Editorial: Dimensions of Health Information Quality
- Brighton and Sussex Medical School, Brighton, United Kingdom
Editorial on the Research Topic
Dimensions of Health Information Quality
Where is the life we have lost in living? Where is the wisdom we have lost in knowledge? Where is the knowledge we have lost in information? Eliot (1)
The data-information-knowledge-wisdom hierarchy, which we find in nuce in Eliot's poem, is a well-known theoretical model where with data and information we build knowledge about a subject, and then being able to apply this knowledge is called wisdom (2). One key issue in making use of information is its quality, and this Research Topic covers various aspects of health information quality.
A context in which the term information is used in medicine relates to biomedical data used for research purposes, and this can be in the form of electronic health records, self-tracked data (e.g., with mobile apps), and online discussion sites. Ford et al. explore an important aspect of the use of “big data” represented by electronic health records, indicating ways to address the issue of completeness of the information recorded. Their paper analyses the use of a Bayesian approach to address the issue of missingness in electronic health records. If information quality can be an issue in electronic health records produced by health professionals, this is an even greater problem in the case of patient-generated data. Several digital tools now allow tracking health-related activities, fitness, and wellbeing. West et al. present a systematic review of the literature on self-tracked data. The study discusses the importance of data quality in the context of their use in clinical practice to diagnose or manage conditions and conclude that, in the short term, their use in managing conditions is probably more realistic than their diagnostic use. Online discussion sites can also represent an important source of data health research and Smith et al., in their Opinion article, describe the promises and limitations of this approach.
Two other articles analyse the uses and consequences of digital health information. Reder et al. address the problem of decision aids to help people making health-related decision, particularly about screening options. Often, screening tests, such as mammography for breast cancer, present a complex mix of potential benefits and possible risks when offered to healthy people. It is therefore important to offer high quality information to individuals considering taking up an offer of screening. Different ways of communicating high quality information have been trialed (pamphlets, videos), but in this study the authors devised a web-based decision aid for women invited to a mammography screening, and they investigate whether this is equally useful to women with different degrees of eHealth literacy. Aslam et al. ask why many people believe that antioxidant supplements can improve or prevent disease conditions and which ones. Using search engines to collect a significant sample of webpages mentioning antioxidants, they find that antioxidants are often described as useful for broad indications and the information available is largely presented from commercial sources or news outlets. This raises the issue of information quality not only in terms of intrinsic criteria such as completeness, accuracy, and reliability, but also in terms of the ethic responsibility of information providers and gatekeepers to avoid commercially-biased mis-/dis-information.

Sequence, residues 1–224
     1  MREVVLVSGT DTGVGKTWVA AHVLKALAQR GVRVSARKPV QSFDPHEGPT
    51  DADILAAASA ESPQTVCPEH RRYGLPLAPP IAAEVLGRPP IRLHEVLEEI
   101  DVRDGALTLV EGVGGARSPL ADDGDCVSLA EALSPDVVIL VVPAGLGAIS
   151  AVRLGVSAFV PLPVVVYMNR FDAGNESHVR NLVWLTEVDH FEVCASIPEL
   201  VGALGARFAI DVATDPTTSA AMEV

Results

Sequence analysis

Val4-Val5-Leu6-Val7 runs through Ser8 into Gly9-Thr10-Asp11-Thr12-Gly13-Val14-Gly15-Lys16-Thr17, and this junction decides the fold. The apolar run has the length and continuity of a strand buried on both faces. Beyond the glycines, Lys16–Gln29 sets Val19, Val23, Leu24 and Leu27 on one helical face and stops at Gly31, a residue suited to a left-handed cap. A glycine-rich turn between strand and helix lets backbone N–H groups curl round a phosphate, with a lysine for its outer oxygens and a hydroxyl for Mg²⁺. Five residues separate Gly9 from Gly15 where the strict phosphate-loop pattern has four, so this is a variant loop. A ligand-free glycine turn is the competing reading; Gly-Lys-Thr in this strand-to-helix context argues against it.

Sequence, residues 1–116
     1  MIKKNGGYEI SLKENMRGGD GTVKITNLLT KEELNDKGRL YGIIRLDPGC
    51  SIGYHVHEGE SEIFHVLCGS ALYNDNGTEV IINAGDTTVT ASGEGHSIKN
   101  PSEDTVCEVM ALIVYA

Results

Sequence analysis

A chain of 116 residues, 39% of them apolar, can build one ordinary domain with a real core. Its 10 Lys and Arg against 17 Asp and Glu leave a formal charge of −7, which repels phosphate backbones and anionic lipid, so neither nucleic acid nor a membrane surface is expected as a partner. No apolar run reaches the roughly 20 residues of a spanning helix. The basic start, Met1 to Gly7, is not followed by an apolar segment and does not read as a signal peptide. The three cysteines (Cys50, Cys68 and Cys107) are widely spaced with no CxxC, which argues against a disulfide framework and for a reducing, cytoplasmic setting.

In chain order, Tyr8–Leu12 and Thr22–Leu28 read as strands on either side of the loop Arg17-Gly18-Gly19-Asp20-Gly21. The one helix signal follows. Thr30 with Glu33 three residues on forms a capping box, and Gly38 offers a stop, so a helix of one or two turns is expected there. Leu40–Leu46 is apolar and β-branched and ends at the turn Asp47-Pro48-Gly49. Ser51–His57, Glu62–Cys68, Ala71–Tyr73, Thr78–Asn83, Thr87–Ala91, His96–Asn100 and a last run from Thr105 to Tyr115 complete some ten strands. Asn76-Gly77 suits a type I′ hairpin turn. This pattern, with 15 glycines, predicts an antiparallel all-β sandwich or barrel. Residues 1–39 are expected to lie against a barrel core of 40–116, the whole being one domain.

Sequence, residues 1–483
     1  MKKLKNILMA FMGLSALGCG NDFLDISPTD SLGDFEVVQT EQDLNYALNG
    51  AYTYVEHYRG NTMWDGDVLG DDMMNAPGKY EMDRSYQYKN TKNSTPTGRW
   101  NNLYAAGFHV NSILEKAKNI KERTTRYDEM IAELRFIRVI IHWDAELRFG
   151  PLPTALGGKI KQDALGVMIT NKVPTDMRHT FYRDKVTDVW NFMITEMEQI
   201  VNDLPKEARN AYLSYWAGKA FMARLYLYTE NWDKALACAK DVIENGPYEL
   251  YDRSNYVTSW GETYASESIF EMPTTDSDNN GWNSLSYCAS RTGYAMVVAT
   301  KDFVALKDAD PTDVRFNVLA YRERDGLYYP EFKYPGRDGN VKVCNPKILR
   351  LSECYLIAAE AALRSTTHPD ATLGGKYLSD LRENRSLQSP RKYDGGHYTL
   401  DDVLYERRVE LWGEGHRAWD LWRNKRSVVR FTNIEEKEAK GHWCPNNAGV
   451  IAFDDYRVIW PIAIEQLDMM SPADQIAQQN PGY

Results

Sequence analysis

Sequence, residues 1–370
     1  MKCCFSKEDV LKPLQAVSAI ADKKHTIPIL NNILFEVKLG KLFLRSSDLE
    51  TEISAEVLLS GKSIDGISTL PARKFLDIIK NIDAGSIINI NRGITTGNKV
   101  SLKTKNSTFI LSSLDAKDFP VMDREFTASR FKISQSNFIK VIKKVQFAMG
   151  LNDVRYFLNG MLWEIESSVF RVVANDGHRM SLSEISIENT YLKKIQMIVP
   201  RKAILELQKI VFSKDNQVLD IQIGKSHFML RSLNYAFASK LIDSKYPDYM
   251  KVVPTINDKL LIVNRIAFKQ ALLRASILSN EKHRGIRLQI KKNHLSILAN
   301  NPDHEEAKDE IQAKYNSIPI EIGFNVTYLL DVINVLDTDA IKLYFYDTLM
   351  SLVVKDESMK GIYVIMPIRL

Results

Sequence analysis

Taken together this set of studies/papers showcases the range of health information on which clinicians, researchers, and the public may base their decisions about health and healthcare. It exposes numerous issues with information quality which may materially affect the decisions that people make. It is important, in this digital age, that population health literacy, particularly understanding the quality of health information, keeps up with the shifting landscape of health information sources used by patients and the public.
All authors listed have made a substantial, direct and intellectual contribution to the work, and approved it for publication.
Conflict of Interest
The authors declare that the research was conducted in the absence of any commercial or financial relationships that could be construed as a potential conflict of interest.
Keywords: health records, patient data, websites, social media, literacy
Citation: Ghezzi P and Ford E (2020) Editorial: Dimensions of Health Information Quality. Front. Public Health 8:223. doi: 10.3389/fpubh.2020.00223
Received: 25 February 2020; Accepted: 14 May 2020;
Published: 16 June 2020.
Edited and reviewed by: Paolo Vineis, Imperial College London, United Kingdom
Copyright © 2020 Ghezzi and Ford. This is an open-access article distributed under the terms of the Creative Commons Attribution License (CC BY). The use, distribution or reproduction in other forums is permitted, provided the original author(s) and the copyright owner(s) are credited and that the original publication in this journal is cited, in accordance with accepted academic practice. No use, distribution or reproduction is permitted which does not comply with these terms.
*Correspondence: Pietro Ghezzi, email@example.com